Bronze Age Axe

Mossen axeI’ve started to assemble pictures and maps for my Bronze Age book. Almost all known objects from deposition sites in the Lakes Mälaren and Hjälmaren areas have already been illustrated elsewhere. But here’s an exception: a socketed bronze axe found before 1963 in a bog at Eklunda in Bred parish, near Enköping, Uppland province. It’s 3,000 years old, dating from Period IV, 1100-950/20 cal BC.

Axes like this were fitted onto hafts shaped like a V with one very short arm, and held in place by a string or strap through the little lug near the base – which is damaged in this case. The verdigris covering the bronze suggests that the bog had been drained and ploughed for years before the axe was found. Wet sediments prevent such corrosion.

When Evert Baudou collected the material for his PhD thesis in the 50s, this type, A2a, was mainly known from northern Zealand and eastern Funen, but there was also a casting mould from Västergötland. Finds since then are unlikely to have changed the distribution pattern much. The axe from Eklunda was probably an import piece. I have no detailed information about where the find spot is, but judging from the results of my studies, it is likely to have been in or at a Bronze Age lake or sea inlet which later silted up and became a bog. There’s an endless discussion about why people parted with bronze objects in this manner. I believe they did it primarily to communicate with supernatural beings.

The axe is inv. no 11,863 in Västmanland County Museum. Big thanks to Susanne Granlund for the photograph.


Author: Martin R

Dr. Martin Rundkvist is a Swedish archaeologist, journal editor, skeptic, atheist, lefty liberal, bookworm, boardgamer, geocacher and father of two.

10 thoughts on “Bronze Age Axe”

  1. Would it be possible to reverse the corrosion by running a current through the object? Or would the result just be amorphous gunk instead of a neat alloy surface?


  2. It’s been tried. Sadly you don’t get an object of the original shape. You get an object roughly of the already known corroded shape, only made of metal instead of corrosion products.


  3. There is one other (unique so far AFAIK) very sophisticated hafting method from Chertsey.
    It’s difficult to see in the pic., but the socket for the shaft is ovalled to prevent twisting, as in modern iron tools, any hammer, for instance; the shaft grain is arranged so that the growth rings (ash, naturally!) are perpendicular to the line of strike (flexible in that direction, prevents shock a bit and stops it warping offline), and the extra-hard (oak ) head armature is tapered away from the shaft-hole in both directions, like a whetstone.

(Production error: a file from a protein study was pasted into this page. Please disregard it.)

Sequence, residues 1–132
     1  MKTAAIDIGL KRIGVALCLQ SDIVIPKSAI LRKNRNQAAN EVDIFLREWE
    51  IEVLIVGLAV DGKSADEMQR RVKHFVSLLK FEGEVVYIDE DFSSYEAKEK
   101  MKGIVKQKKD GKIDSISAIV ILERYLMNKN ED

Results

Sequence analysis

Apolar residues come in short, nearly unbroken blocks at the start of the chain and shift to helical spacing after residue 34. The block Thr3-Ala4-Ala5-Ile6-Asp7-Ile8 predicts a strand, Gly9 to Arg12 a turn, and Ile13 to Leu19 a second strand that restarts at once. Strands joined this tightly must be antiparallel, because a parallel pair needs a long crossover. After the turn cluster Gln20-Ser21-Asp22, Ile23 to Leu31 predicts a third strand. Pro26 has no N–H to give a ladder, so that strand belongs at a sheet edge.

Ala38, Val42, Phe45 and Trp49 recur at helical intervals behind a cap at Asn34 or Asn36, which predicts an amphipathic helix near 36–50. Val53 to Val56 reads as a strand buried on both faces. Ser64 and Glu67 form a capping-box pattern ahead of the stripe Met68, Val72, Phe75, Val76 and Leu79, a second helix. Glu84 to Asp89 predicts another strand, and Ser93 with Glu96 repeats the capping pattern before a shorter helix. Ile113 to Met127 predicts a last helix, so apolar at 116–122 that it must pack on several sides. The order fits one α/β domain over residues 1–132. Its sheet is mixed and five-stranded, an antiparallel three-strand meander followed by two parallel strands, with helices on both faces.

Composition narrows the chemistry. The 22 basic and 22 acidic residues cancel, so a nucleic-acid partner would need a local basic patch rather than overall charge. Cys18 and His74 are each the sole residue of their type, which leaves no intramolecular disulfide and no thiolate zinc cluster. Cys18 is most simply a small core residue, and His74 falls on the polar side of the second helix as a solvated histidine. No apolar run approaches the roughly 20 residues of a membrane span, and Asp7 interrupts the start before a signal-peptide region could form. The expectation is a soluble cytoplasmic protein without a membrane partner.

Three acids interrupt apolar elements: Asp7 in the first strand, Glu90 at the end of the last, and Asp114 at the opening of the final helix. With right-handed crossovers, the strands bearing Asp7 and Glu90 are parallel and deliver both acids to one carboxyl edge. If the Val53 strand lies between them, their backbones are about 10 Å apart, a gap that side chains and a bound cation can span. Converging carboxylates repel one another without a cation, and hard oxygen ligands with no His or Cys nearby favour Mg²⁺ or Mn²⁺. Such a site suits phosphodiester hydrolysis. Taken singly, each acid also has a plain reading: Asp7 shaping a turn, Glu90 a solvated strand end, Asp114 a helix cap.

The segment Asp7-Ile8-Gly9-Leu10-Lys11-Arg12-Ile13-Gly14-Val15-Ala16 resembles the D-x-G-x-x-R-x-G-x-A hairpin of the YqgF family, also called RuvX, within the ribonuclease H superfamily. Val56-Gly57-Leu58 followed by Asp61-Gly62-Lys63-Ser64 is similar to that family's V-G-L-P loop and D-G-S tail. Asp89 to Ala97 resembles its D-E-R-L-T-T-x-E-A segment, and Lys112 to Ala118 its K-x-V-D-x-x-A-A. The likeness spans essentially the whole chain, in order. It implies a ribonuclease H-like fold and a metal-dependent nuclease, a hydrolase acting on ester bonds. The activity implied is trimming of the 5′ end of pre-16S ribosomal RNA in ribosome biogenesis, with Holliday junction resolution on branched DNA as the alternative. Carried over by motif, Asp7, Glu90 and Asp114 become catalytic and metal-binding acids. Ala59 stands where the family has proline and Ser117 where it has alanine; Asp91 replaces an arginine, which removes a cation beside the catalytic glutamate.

I made a repro ages ago, and it totally transforms the feel and precision of the ubiquitous socketed axe into a serious, heavy, accurate bit of carpenter’s/fighter’s kit, the “tail” makes all the difference, like a pterosaur’s head!
    The bronze is just a hard “bit” or edge to it, like the iron shoe on a mediaeval shovel.
    If I were them, I’d have carried a few ready-sharpened spares on my belt too, for a day in the woods. Hence the loop, as it would be daft to jam the metal part on too tightly, just rely on the lashing and maybe a rag of cloth as a shim, to hold it on the backswing. Gives you the option of switching to an adze mount (wider blade, even?) for the finishing as well, provided the axe has a reasonably squarish socket.
    Verdict: a well-thought-out, economical and highly portable multi-tool.


  4. That interpretation makes sense, although it is probably impossible to prove. If you put bronze items in a lake or a bog, it sounds sensible to me that they are ment as some kind of sacrifice. At least it would be stupid to deposit things in such an inaccessible place if you just want to store them for a few months and get them back thereafter.


  5. PS I have a hunch that the composite hafting (so *convergently* reminiscent, for functional reasons, of mesolithic flake-axes stuck in an antler sleeve, or some neolithic ground ones) didn’t get drawn/sculpted is that one solid whack in the right place would have easily disassembled it, much to the wielder’s embarrassment, in actual combat.
    If I was in a fight, I’d much prefer to be left holding a substantial hockey-stick-like thing, even without the bronze armature, than a mere wand of ash. Since fighting seemed to equal glamour, and was unavoidably common, whereas craft was rarer and a bit dull TBH, nobody bothered to memorialise or “sacrificially” deep-six the technical models, just the hooky branch ones. Plausible speculation?


  6. Aye Julia, that’s where use-wear analysis helps. And the other half of the picture, cutmarks on (mainly) wood. At one point about thirty-forty years ago, there was a disbelief that for example bronze shields of Yetholm type were any good for anything, apart from making a loud noise. Turns out, some were, some weren’t.


  7. You are right, dustbubble. But you should also find injuries fitting to the weapons. Which can get difficult in periods in with cremation is common.
    If you have worked on replicas, you can probably tell a lot more than many archaeologists working on the pictures.
    So far, many archaeologists do not really agree what was used how. Well, it would get a bit boring if we knew everything yet.


Leave a Reply

Fill in your details below or click an icon to log in: Logo

You are commenting using your account. Log Out /  Change )

Facebook photo

You are commenting using your Facebook account. Log Out /  Change )

Connecting to %s

%d bloggers like this: